Sweet temptation: Eight Ways to Tame the Sugar Beast
Thursday, September 18, 2014
Surely you have heard that sugar is bad for you. You know that sugar is bad for your waistline. Still, you cannot stop eating it. It draws you in in the form of candy in the break room, a delicate scone, hazelnut flavor in your coffee. The average American consumes more than 130 lbs of sugar/year, which comes out to 3 lbs/week, or 22 tsps/day. And don’t think for one instant that because you use Splenda you are any better off (in fact, you may be worse off). It’s the flavor, the craving, the boost of energy that you are chasing.
So what’s the problem? Who cares if you eat a little sweet stuff here and there all day long? Is it really so bad? In one word: YES.
Sugar comes in many forms, and the most common we see are cane sugar, high fructose corn syrup, corn syrup, and fruit juice concentrate. People say that when you eat sugar you are consuming ‘empty’ calories. This is not true. Not only do you not get any nutrition from sugar, but sugar actually leeches nutrients out of your body, so you are actually at a deficit when you consume it. Here is another fact for you: Eating excess amounts of sugar suppresses your immune system, decreasing white blood cell activity by up to 50%. So if you, like many people, are eating sweets here and there throughout the day, you are actually living with a chronically suppressed immune system. There are many bullet points on the list of “Why Sugar is Bad,” but the point of this article is to help you kick the habit, so read on for eight tips on beating the sugar cravings.
1. Eat a healthy breakfast focused around protein. Too many of you are starting your day with carbs, or worse yet, nothing, drowned in coffee. Your blood sugar is low when you wake up, and when you instantly hit it with carbs/coffee, you cause your blood sugar to spike, which leads to a crash. The crash leaves you craving more sugar for an instant burst of energy, and thus the cycle begins. Start your day with healthy protein and maybe a few complex carbs so that you can stabilize your blood sugar and break the cycle before it starts.
2. Eat adequate amounts of protein throughout the day. Protein is crucial for giving us sustained energy and keeping our blood sugar level. Start planning snacks based on protein rather than carbs, such as nuts, hummus or cottage cheese — especially for that 3 pm energy crash.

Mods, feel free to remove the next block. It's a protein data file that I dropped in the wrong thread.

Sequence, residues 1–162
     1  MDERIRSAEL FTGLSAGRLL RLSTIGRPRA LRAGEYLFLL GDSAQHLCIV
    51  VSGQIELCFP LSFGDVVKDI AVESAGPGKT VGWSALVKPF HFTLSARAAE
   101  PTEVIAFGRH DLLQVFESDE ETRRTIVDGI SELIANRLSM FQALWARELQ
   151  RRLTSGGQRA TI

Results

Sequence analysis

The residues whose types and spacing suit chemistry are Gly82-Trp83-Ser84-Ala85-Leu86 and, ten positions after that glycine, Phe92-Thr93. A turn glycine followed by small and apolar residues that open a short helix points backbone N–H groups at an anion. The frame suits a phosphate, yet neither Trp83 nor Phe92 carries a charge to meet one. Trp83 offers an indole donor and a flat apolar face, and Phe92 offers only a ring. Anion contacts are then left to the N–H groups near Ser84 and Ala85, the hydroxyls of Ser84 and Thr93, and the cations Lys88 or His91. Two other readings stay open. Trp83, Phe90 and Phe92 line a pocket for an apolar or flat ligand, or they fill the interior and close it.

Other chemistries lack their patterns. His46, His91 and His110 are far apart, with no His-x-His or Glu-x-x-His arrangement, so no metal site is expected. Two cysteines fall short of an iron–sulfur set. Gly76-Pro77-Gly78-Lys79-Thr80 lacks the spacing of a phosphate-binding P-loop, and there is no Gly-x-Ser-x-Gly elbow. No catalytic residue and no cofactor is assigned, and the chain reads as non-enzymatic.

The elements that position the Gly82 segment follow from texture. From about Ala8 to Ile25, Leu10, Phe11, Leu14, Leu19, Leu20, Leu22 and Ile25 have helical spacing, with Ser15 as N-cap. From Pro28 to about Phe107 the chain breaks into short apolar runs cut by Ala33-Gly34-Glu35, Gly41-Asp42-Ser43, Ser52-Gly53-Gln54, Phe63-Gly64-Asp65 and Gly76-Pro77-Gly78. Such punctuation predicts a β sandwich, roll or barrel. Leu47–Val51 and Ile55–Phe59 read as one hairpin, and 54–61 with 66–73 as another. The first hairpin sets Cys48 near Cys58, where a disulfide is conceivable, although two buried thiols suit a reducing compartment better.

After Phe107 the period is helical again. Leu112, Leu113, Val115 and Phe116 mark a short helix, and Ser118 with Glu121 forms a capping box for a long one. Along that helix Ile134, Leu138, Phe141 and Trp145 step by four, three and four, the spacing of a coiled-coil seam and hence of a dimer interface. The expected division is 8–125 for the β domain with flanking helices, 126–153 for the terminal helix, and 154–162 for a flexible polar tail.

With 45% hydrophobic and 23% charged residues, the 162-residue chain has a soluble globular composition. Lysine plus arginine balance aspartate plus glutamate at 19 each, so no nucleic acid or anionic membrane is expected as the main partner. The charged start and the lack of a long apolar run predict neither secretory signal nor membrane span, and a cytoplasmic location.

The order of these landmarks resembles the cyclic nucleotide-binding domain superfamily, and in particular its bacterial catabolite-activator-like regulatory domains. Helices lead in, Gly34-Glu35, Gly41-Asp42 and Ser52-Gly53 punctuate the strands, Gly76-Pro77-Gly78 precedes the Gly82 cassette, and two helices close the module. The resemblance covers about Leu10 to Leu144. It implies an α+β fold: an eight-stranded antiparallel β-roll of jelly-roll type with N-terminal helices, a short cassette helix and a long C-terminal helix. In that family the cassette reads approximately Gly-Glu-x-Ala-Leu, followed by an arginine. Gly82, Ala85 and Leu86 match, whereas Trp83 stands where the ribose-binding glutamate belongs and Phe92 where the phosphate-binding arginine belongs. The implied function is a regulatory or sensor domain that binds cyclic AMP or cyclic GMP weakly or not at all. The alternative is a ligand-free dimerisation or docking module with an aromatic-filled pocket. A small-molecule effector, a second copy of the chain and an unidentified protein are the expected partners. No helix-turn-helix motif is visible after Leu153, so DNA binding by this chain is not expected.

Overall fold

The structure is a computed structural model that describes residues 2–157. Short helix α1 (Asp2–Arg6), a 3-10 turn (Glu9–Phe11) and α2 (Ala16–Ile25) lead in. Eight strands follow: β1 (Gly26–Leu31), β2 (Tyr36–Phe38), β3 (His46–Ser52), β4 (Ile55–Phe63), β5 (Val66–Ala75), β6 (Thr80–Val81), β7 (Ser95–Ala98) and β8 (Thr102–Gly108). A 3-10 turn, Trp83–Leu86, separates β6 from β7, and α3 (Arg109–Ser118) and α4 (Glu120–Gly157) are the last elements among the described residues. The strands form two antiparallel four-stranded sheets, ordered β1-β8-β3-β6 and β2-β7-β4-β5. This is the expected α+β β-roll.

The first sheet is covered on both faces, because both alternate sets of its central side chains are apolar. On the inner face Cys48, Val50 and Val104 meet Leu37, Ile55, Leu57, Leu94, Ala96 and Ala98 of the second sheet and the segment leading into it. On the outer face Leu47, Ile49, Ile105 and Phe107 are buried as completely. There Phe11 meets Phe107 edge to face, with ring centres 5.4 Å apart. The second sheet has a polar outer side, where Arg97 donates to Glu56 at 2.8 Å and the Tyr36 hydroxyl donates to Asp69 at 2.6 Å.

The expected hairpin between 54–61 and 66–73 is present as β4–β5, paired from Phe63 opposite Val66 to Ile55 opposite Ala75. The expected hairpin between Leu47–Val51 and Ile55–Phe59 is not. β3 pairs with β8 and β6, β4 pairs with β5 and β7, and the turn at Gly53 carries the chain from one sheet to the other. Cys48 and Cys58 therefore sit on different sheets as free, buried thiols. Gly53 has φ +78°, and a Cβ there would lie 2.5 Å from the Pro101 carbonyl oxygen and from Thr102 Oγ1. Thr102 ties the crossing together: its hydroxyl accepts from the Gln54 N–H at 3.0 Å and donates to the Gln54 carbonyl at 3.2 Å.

3. Eat healthy fats throughout the day. Healthy fats have been shown to keep sugar cravings at bay. Avocado, coconut oil, and olive oil are a few of the best (and yummiest).
Photo Credit: Brett Jordan (Own Work)
Photo Credit: Brett Jordan (Own Work)
5. Always combine carbs/sugar with fiber, healthy fat, or protein. Fiber, fat and protein are like the ground for the shock your body gets when sugar enters your system. It allows your blood sugar to rise more slowly than it would if the sugar went in on its own, which allows you to avoid the post-sugar crash. If you are pre-diabetic or diabetic, you’ll want to follow this 100 percent of the time, even when eating fruit.
6. Avoid low-fat products. Once you start reading labels, you’ll notice that when producers take out fat, they often compensate for the remaining not-so-good flavor by adding sugar. Also, once the fat is taken out, there is no longer a ground for the sugar (see #5).
7. Pay attention to your cravings. Most of you likely crave sugar around 3 p.m. That post-lunch crash is set up by eating the wrong foods early in the day, and can easily be changed by making a few different food choices at breakfast and lunch. Many of you are also reaching for sugar when you are tired, stressed, or depressed. Once you start paying attention to when and why you need that brownie, you can start to take control of it and replace it with healthier choices.
8. Get more sleep. Sugar and refined carbohydrates provide us with quick easy energy, so when we are overly tired our bodies are smart enough to make us crave them. You eat the candy bar,get the quick energy, but shortly afterward you crash along with your blood sugar. Now you need more candy, or maybe another coffee, and the cycle keeps going. Instead, focus on regulating your sleep, and see if those cravings lessen.
This list could go on. There are numerous ways to tame your sugar cravings. Giving up or cutting back on sugar is not easy, but the rewards are big. You may find that your skin looks better, your jeans fit better, you don’t get sick as easily, and you have more energy. Give it a try and see how much better you feel. You have nothing to lose except that 3 pm crash
Homepage Photo Credit: Daniel Novta (Own Work)